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3/3/2008
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Google Health Gets Personalized Advice From SafeMed

The U.S. Institute of Medicine estimates that there are 1.5 million health-care related, preventable adverse drug events in the U.S. annually.

Google Health may actually lead to better health, thanks to an analytics engine that offers users personalized advice about possible drug interactions and risks.

Using a patient's Google Health profile, the SafeMed Analysis Engine weighs symptoms, conditions, test results and medications to spot potentially harmful drug interactions. It is part of the Cleveland Clinic pilot test of Google Health and it is used by other health care providers.

"The SafeMed decision support system can in real-time help identify medicines that might be dangerous," said SafeMed founder and CMO Ahmed Ghouri. "In this iteration, our engine provides the drug safety analysis."

The U.S. Institute of Medicine estimates that there are 1.5 million health-care related, preventable adverse drug events in the U.S. annually.

The SafeMed system isn't a replacement for a physician's advice; rather it's intended to augment doctors' recommendations and to fill in the gaps when changes in a patient's health situation haven't been communicated to health-care providers.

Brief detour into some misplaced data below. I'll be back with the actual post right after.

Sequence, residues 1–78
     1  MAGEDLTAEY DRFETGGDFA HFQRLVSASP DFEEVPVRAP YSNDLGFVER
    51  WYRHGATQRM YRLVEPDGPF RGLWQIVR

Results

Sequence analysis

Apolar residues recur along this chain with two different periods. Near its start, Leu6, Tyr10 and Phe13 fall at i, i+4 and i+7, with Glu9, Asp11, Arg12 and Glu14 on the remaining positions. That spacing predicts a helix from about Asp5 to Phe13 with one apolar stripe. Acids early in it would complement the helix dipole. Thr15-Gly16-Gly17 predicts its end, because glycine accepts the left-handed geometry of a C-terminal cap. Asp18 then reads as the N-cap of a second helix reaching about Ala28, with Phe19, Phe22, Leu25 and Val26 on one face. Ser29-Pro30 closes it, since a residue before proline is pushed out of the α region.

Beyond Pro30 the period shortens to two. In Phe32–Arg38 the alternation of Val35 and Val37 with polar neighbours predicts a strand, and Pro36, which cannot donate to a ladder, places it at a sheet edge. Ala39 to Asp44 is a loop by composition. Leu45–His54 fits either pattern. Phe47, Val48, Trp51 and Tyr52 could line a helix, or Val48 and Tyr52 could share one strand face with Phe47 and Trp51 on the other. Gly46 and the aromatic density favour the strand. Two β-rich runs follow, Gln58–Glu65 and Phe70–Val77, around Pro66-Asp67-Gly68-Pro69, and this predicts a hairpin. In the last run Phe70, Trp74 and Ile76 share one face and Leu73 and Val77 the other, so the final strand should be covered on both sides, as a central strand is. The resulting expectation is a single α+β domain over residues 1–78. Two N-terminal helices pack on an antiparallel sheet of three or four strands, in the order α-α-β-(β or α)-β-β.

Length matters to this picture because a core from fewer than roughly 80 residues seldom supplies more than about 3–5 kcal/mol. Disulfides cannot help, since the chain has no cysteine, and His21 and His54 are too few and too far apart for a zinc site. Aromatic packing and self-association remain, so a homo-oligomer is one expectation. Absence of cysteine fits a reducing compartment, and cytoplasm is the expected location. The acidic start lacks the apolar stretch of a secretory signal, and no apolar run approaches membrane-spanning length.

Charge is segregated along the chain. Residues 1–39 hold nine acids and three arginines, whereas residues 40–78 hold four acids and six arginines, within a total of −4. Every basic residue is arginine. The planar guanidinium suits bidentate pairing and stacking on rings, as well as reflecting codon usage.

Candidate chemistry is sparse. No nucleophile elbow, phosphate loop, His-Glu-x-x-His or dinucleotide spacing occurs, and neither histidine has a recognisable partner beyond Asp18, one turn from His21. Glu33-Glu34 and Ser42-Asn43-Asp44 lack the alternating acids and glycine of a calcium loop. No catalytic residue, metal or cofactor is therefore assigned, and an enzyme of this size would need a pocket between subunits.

"We believe that it's beneficial for the patient to have an informed dialog with his or her physician," said Ghouri. "When patients bring forth personally specific and relevant personal information, it greatly facilitates the discussion. It creates the basis for a much more informed visit."

According to Ghouri, SafeMed has conducted tests of the efficacy of its technology with health plans and medical schools and has found that up to 10% of medical decisions were altered as a result of the SafeMed Analysis Engine's advice. "That's a very, very large number," he said, noting that some of the changed decisions reflected financial or treatment-quality considerations rather than risk-reduction advice.

Other organizations also making use of the SafeMed Analysis Engine include Blue Cross Blue Shield of Massachusetts and Beth Israel Deaconess Physician Organization, to name a few.

A possible downside of such systems is that they place a burden on the patient to keep the analysis engine appraised of events not tracked automatically or input by participating health-care providers. If a patent starts taking a particular medicine or herbal remedy, for example, and neglects to update his or her Google Health profile, SafeMed's engine will not re-evaluate the risks when asked for advice.

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